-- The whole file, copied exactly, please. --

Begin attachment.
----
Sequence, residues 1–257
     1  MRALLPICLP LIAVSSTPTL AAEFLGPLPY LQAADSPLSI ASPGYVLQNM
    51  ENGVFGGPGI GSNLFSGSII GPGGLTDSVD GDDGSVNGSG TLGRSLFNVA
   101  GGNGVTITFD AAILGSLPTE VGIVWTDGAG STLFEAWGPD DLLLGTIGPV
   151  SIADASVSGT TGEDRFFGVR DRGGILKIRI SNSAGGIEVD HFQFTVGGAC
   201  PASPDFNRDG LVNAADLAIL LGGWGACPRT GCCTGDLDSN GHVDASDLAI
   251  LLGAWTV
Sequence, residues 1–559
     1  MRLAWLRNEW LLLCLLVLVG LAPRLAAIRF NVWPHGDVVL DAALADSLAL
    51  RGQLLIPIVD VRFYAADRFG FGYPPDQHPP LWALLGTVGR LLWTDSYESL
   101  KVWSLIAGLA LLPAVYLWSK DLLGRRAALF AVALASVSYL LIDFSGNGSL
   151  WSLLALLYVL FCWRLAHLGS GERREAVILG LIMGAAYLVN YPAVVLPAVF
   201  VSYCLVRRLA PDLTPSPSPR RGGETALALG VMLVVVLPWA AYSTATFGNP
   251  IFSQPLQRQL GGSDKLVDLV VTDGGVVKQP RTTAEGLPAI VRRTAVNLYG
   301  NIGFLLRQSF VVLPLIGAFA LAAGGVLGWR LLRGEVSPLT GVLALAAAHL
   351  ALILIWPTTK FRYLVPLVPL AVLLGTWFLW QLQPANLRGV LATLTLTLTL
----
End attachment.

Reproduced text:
Sequence, residues 1–257
     1  MRALLPICLP LIAVSSTPTL AAEFLGPLPY LQAADSPLSI ASPGYVLQNM
    51  ENGVFGGPGI GSNLFSGSII GPGGLTDSVD GDDGSVNGSG TLGRSLFNVA
   101  GGNGVTITFD AAILGSLPTE VGIVWTDGAG STLFEAWGPD DLLLGTIGPV
   151  SIADASVSGT TGEDRFFGVR DRGGILKIRI SNSAGGIEVD HFQFTVGGAC
   201  PASPDFNRDG LVNAADLAIL LGGWGACPRT GCCTGDLDSN GHVDASDLAI
   251  LLGAWTV
Sequence, residues 1–559
     1  MRLAWLRNEW LLLCLLVLVG LAPRLAAIRF NVWPHGDVVL DAALADSLAL
    51  RGQLLIPIVD VRFYAADRFG FGYPPDQHPP LWALLGTVGR LLWTDSYESL
   101  KVWSLIAGLA LLPAVYLWSK DLLGRRAALF AVALASVSYL LIDFSGNGSL
   151  WSLLALLYVL FCWRLAHLGS GERREAVILG LIMGAAYLVN YPAVVLPAVF
   201  VSYCLVRRLA PDLTPSPSPR RGGETALALG VMLVVVLPWA AYSTATFGNP
   251  IFSQPLQRQL GGSDKLVDLV VTDGGVVKQP RTTAEGLPAI VRRTAVNLYG
   301  NIGFLLRQSF VVLPLIGAFA LAAGGVLGWR LLRGEVSPLT GVLALAAAHL
   351  ALILIWPTTK FRYLVPLVPL AVLLGTWFLW QLQPANLRGV LATLTLTLTL